Due to changes in federal tax codes, it makes a difference where Alaskans report their permanent fund dividends this year. Taxpayers should report their dividends as "Other Income" on their federal tax returns, not as dividend income.
"Some people in the past have reported it as dividend income because of the name," said Internal Revenue Service spokesperson Judy Monahan.
In the past, dividend income was taxed at the same rate as the taxpayer's regular income. On this year's tax return, however, dividend income will be taxed at different rate the capital gains rate which is lower than the rate at which most filer's regular income is taxed. Therefore, improperly reporting permanent fund income as dividend income could lead to a miscalculation of the filer's federal tax liability a miscalculation not in the taxpayer's favor.
In plain English, report permanent fund income as "Other Income" or else, "You could owe more money," Monahan said.
Monahan stressed that the change in federal tax law did not change how Alaskans should report permanent fund income, just the consequences of making the common error of misreporting it.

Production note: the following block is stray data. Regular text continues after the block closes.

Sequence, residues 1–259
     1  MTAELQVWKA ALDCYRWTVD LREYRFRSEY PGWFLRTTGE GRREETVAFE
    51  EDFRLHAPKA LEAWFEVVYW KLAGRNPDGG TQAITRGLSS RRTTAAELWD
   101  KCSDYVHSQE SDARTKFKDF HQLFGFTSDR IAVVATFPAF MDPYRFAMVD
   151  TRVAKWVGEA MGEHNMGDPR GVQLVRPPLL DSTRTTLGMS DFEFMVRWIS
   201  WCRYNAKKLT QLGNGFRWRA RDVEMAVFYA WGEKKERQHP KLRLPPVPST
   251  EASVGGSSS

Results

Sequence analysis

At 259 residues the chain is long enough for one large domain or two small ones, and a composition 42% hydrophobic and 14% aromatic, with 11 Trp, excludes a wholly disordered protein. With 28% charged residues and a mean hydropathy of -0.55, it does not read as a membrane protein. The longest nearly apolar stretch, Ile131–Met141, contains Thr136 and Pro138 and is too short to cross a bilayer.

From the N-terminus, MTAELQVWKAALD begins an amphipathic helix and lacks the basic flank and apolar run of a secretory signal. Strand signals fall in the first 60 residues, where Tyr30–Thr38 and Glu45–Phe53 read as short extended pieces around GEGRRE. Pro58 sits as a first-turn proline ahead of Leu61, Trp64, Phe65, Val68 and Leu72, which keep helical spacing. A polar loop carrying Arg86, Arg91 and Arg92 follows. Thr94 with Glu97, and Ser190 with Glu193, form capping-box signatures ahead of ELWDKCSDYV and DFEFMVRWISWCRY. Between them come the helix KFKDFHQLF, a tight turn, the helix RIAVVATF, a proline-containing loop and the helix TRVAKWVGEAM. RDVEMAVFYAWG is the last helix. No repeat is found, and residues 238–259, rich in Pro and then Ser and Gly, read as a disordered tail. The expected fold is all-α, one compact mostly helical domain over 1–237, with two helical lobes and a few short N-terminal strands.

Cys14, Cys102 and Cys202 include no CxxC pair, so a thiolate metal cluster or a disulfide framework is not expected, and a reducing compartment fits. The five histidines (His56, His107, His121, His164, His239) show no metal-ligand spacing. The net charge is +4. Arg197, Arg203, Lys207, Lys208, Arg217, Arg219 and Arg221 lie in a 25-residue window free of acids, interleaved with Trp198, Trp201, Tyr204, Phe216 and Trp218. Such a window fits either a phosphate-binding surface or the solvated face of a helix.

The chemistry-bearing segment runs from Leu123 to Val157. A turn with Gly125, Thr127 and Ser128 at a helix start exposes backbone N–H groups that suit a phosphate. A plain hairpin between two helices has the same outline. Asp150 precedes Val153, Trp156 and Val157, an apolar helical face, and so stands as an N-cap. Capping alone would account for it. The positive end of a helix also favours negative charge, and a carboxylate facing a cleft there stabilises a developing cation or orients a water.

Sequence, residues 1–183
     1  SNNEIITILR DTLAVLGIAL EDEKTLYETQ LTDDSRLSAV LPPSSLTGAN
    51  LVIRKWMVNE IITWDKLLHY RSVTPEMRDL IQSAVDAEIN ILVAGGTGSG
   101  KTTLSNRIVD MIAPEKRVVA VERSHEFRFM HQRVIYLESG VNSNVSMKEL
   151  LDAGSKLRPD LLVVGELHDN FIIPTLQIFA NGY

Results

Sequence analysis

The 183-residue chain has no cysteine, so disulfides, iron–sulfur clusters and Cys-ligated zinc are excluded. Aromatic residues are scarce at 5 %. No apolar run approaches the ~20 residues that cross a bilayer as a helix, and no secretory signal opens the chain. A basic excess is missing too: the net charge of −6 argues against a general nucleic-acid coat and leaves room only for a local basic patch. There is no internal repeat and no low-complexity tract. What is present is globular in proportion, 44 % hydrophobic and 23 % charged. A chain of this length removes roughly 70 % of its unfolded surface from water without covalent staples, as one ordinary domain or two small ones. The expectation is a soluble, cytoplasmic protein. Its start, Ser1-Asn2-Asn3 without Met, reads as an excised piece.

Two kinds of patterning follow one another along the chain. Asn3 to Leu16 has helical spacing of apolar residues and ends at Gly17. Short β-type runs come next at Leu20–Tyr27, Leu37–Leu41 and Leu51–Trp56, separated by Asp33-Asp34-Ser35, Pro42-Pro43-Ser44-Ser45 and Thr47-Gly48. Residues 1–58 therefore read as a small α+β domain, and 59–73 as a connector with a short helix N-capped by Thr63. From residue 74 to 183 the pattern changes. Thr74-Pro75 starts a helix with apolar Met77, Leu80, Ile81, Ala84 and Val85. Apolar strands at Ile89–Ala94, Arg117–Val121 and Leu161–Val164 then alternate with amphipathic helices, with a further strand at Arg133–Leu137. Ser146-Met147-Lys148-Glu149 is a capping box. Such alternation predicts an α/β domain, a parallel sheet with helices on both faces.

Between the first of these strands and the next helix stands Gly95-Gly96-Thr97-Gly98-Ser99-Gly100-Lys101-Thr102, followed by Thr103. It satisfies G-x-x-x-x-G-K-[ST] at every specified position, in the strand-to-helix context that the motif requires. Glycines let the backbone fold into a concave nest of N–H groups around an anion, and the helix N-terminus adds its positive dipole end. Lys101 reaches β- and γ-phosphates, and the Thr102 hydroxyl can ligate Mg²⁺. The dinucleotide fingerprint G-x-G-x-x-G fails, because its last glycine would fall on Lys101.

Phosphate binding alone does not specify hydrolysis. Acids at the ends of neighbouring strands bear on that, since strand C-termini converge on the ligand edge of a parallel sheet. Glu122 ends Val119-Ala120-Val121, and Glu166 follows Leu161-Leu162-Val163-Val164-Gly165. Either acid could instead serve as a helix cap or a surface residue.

"It always should have been reported as 'Other Income,'" she said. However, "when dividends were taxed as ordinary income it didn't matter."
Taxpayers should report their permanent fund dividends on Line 21 on Form 1040, or Lines 13 and 3 on Forms 1040A and 1040EZ, respectively.
Monahan reminds parents that the permanent fund income of children under 14 may be reported on their parent's tax return using Form 8814, Parents' Election to Report Child's Interest and Dividends. Children 14 and older as of Jan. 1 must file their own return.
Federal income tax filing information can be found at the new "1040 Central" link on the IRS's Web site at www.irs.gov or call the IRS toll free at (800) 829-1040. IRS forms and publication can be downloaded from the Web site or ordered by calling (800) 829-3676.
Peninsula Clarion © 2015. All Rights Reserved. | Contact Us